The Left and patriotism

Volokh, Eugene VOLOKH at
Fri Jan 27 15:29:47 PST 2006

	I appreciate Greg's admonition; let me try to tie this a little
further to constitutional law.

	The original question, from Daniel Hoffman, I believe, had to do
with whether some of the blue states should secede.  I take it that this
was a question about constitutional failure -- about whether our system
of government was so flawed, or at least so inadequate to the needs and
desires of certain states, that they ought to abrogate their
constitutional connection with the rest of the nation.

	If this was simply meant to be "rhetorical excess," that's fine
by me.  But I thought I detected in the original post a seriousness, a
seriousness that struck me as inconsistent with what I understood to be
the relevant constitutional reality:  The reality that most Americans
are patriotic in the very simple sense that they love *America*.  Not
the U.S. Constitution; you can love the U.S. Constitution and not even
be American.  Rather, they have an emotional connection to the
particular national entity that is currently called the United States of
America.  Being patriots, they are highly unlikely to want to leave it
even when they disapprove of where the country has been heading for 6
(or even 12) years.  Being patriots, they are highly unlikely to want to
risk its permanent dissolution using a highly unpredictable "secede and
then reunify on better terms" strategy.  And being people with some
sense of perspective, they (even the solid Democrats among them) don't
think that secession or revolution are the main two alternatives -- they
think that the alternatives are secession, revolution, and winning some
elections, with the latter being the traditional, safest, and most
emotionally gratifying (to one who thinks of himself as a patriotic
American, and who has a sense of perspective) approach.

	That, it seems to me, is why the original claim of
constitutional failure that would justify secession is unsound.  And it
also, I think, helps illustrate my original point in response to Prof.
Hoffman -- which perhaps is indeed more a matter of political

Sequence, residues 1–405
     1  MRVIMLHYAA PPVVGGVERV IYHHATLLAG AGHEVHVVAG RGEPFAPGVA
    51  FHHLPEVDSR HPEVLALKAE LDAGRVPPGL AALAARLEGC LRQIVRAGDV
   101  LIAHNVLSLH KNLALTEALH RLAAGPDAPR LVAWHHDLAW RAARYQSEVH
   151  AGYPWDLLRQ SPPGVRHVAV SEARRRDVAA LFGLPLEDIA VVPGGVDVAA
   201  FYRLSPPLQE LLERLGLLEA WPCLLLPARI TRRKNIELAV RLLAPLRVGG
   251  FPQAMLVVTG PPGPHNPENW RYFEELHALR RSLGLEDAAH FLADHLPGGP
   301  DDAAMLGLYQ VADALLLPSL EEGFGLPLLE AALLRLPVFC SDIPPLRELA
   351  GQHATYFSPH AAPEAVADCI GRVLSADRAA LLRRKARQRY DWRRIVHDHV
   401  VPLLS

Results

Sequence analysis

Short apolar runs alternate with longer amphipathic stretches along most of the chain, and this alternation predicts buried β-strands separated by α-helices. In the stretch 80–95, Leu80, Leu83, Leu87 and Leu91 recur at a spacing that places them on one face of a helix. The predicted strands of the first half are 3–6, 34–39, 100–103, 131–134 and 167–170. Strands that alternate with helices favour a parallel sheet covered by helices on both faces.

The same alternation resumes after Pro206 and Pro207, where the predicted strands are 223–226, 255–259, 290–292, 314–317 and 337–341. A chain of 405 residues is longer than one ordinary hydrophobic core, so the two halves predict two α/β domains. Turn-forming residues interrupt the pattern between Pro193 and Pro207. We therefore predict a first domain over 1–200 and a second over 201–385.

observation than constitutionalism -- that any seemingly serious call
for secession by a seemingly serious organization would instantly,
deeply, and possibly irrevocably marginalize that organization among
their fellow Americans, precisely because it would label that
organization as *not* patriotic American in the eyes of most Americans.
If it's Democrats, liberals, or people of the Left who call for that,
the end result would be a vast political windfall for Republicans,
conservatives, or people of the Right.


> -----Original Message-----
> From: conlawprof-bounces at 
> [mailto:conlawprof-bounces at] On Behalf Of Greg Magarian
> Sent: Friday, January 27, 2006 3:20 PM
> To: Volokh, Eugene; conlawprof at
> Subject: RE: The Left and patriotism
> The definition of "patriotism" and the necessarily predicate 
> definition of "America" (Is it territory?  How much?  Is it 
> an ideal?  Which one?) strike me as subjects whose 
> indeterminacy places them outside the special expertise of 
> constitutional law scholars. 
> But as the list custodian doesn't appear to object to this 
> flight of fancy, I'll throw in three points.  First, some 
> calls for secession, like other forays into rhetorical 
> excess, seem designed to make a point:  "This is not 
> America."  If the advocacy is spirited but ultimately 
> disingenuous, I don't see how it undermines the advocate's 
> patriotism. 
> Second, even if the advocacy is sincere, the strategic aim of 
> secession may be to provoke a conflict that ultimately 
> produces a better, reunified nation.  Finally, even sincere 
> advocacy of permanent secession may be quite patriotic if the 
> advocate chooses that course as a less destructive 
> alternative to revolution.  If I take up arms with the aim of 
> changing my country's system of government, I remain a 
> patriot, in the sense of maintaining allegiance to my land, 
> people, and cultural traditions; but I also scorch a lot of